Enticed by a permissive political environment, Juan Williams reached the perfectly reasonable conclusion two days ago that there would be no negative consequences for candidly admitting on national television that he was an Islamophobe. How could there be any when such a tepid admission of mere anxiety at the sight of Muslims on a plane pales in comparison to the anti-Muslim venom widely spewed by political and religious leaders and media commentators on the right? But to Williams' surprise, and at the price of his job with NPR, he discovered that the Islamophobic exception to the general "no to prejudice" rule in mainstream media doesn't apply across the board.
Right-wing voices quickly jumped to the defense of Williams, castigating "totalitarian" NPR and "political correctness" for suppressing free speech. Of course, as was pointed out by others, those voices never jumped in to defend Rick Sanchez, Helen Thomas, or Octavia Nasr when they were fired for making comparable comments. Indeed, Juan Williams' lead defender Bill O'Reilly, who now describes NPR's firing of Williams as "disgraceful," had actually suggested that CNN's firing of Rick Sanchez was perfectly appropriate because stupid comments by an anchor can legitimately hurt the credibility of a network. Why he would have us believe that the same doesn't apply to NPR is not readily clear.
In an interesting (though definitely not surprising) twist, Fox News quickly picked up Williams with a three-year, $2 million contract for "an expanded role" on the network. In doing so, Fox News turned the seemingly costly mistake of Williams into a substantial gain. But in doing so, Fox also went beyond the implicit double standard that exists in our political discourse when it comes to offending Muslims and is now publicly and explicitly defending the Islamophic exception. I mean, when all sorts of people who were fired for making unwise comments are ridiculed by Fox commentators at the same time that a sitting Fox anchor repeatedly says that "all terrorists are Muslims" (to say nothing of Jon Stewart's ridicule of the rampant Islamophobia on Fox News), that's the sort of thing that you can blame on subconscious bigotry. But when getting fired for making Islamophobic comments becomes the very reason why one is made a lucrative offer by Fox News, now Fox News is consciously and explicitly saying that Islamophobia is a viewpoint they endorse.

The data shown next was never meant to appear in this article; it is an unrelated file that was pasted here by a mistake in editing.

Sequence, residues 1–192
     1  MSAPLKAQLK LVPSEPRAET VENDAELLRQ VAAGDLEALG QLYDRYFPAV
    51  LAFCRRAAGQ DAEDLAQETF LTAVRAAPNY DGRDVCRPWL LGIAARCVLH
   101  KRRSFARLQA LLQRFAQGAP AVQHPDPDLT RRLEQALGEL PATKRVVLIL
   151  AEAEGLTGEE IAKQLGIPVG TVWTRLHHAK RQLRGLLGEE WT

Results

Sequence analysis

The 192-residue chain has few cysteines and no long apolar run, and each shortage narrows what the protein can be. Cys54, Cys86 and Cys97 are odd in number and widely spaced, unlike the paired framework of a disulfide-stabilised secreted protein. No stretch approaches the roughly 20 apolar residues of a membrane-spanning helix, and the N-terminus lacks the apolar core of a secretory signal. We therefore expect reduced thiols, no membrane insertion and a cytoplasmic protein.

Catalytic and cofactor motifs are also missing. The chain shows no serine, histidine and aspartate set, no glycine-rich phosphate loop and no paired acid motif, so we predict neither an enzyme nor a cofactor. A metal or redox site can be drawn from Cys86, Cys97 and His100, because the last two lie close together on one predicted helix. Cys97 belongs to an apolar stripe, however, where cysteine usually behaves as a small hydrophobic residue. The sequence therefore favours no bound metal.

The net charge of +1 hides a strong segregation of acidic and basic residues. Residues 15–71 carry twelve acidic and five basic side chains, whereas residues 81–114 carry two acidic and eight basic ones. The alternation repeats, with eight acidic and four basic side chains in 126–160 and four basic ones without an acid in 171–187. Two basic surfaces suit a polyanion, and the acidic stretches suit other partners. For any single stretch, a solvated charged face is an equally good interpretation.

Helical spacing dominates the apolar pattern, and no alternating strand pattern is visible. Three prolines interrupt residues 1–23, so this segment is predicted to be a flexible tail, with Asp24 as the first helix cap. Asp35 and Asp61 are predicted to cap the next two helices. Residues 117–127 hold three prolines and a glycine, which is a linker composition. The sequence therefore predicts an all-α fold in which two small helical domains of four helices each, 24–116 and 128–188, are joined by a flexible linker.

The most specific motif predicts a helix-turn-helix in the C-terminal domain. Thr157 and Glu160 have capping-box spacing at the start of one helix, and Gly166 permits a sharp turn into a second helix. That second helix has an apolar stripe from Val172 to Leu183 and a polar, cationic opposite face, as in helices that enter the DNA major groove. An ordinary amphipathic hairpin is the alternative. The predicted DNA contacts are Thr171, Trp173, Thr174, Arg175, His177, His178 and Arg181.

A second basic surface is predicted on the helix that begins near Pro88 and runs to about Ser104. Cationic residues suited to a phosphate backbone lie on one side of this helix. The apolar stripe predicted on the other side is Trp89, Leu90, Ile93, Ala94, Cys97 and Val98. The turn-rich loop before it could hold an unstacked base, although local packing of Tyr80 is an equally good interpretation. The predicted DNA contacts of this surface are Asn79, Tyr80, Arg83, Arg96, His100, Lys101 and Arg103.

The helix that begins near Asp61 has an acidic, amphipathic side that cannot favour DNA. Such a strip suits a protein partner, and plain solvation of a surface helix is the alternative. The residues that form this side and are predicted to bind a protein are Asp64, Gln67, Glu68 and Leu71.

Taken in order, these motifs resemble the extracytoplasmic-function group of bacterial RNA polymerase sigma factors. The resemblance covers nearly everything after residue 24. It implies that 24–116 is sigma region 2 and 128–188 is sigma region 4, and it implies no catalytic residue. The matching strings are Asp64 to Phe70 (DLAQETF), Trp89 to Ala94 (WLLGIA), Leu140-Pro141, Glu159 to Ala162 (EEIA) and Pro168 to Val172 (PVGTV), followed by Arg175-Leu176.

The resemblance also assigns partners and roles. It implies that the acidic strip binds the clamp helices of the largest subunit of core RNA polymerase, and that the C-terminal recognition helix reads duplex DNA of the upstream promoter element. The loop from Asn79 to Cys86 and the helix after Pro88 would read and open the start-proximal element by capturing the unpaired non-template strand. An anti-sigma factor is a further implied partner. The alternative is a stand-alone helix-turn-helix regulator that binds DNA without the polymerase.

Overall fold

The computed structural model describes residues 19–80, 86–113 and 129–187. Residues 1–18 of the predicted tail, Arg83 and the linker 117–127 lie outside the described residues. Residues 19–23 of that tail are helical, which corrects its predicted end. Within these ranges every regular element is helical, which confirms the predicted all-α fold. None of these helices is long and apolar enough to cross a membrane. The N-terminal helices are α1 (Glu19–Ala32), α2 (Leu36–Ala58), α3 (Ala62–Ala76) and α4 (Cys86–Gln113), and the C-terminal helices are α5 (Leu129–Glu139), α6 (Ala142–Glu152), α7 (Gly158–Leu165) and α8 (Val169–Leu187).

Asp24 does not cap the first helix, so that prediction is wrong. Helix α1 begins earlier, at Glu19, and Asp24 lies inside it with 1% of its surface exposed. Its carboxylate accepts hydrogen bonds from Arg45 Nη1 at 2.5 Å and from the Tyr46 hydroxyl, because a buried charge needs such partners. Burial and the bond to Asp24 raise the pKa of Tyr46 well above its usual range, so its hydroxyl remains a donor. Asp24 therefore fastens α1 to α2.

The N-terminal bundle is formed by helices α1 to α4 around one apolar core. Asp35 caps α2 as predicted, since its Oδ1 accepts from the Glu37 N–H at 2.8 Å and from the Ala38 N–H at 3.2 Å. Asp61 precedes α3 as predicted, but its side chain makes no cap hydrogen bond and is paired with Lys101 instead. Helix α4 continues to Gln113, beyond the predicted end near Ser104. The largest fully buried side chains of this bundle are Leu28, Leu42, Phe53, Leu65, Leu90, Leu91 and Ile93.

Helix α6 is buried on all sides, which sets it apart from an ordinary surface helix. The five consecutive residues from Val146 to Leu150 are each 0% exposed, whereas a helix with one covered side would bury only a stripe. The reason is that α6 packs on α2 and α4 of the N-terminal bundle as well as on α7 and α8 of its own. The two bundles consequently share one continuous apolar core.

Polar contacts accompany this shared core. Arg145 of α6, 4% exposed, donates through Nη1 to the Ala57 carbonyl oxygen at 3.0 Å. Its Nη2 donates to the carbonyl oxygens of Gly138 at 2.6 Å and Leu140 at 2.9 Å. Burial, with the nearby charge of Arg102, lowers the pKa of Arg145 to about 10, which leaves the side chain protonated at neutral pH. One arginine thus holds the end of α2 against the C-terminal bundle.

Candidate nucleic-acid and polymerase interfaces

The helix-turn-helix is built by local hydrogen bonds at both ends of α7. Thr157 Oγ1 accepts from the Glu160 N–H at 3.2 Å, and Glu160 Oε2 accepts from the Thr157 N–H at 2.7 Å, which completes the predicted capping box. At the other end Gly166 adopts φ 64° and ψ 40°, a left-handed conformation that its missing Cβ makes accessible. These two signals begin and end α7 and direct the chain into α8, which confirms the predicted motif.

It is certainly worth noting that there are some moderate and liberal voices that have also come out against NPR's firing of Williams, arguing that while his comments may be stupid, he should still be free to express them without fear of losing his job. Indeed, a compelling case can be made in favor of a political culture that is less constrained by political correctness, and where people can speak more candidly about their feelings, even when they can be offensive to some. But that would also be a discourse in which Sanchez, Thomas, and Nasr would still have jobs (the Attorney General of Michigan's idea of free expression goes as far as to allow an employee in his office to keep his job while harassing, stalking, and cyber-bullying a gay student on his private time). The point is that no matter what political culture one is in favor of, it must be consistent and it cannot be exclusively permissive to those who are bigoted toward or suspicious of Islam and Muslims.
As for the moderates who are defending the substance of Williams' remarks as merely "honest," it's important to note that he was not only candidly admitting harboring negative feelings about Muslims to say "hey, no one's perfect;" but was offering such feelings in defense of the legitimacy of fearing people who look Muslim. More importantly, he was offering them in defense of Bill O'Reilly's heated exchange on "The View" where he argued that a Muslim cultural center near ground Zero was inappropriate because "Muslims" attacked us on 9/11 (the absurdity of this logic may be harder to miss if he had argued that a Jewish community center wasn't appropriate in the vicinity of Wall street because Bernie Madoff is Jewish). There is nothing reasonable about establishing a Muslim-free zone around ground zero (the bigots still won't tell us how many blocks in diameter that's supposed to be), and attempting to reassure O'Reilly's alleged reasonableness on this by saying "hey I worry when I see Muslims too" merely compound the original argument's bigotry with a good dose of stupidity.
The decision of Fox News to adopt this sentiment raises once again the question once debated by John Oliver and Wyatt Cenac of the Daily Show, and demonstrates the extent to which the anti-Muslim sentiment on the far right has become part of normal discourse. It is no longer subconscious bigotry that is inadvertently tolerated. It is the exception to religious tolerance which they openly endorse.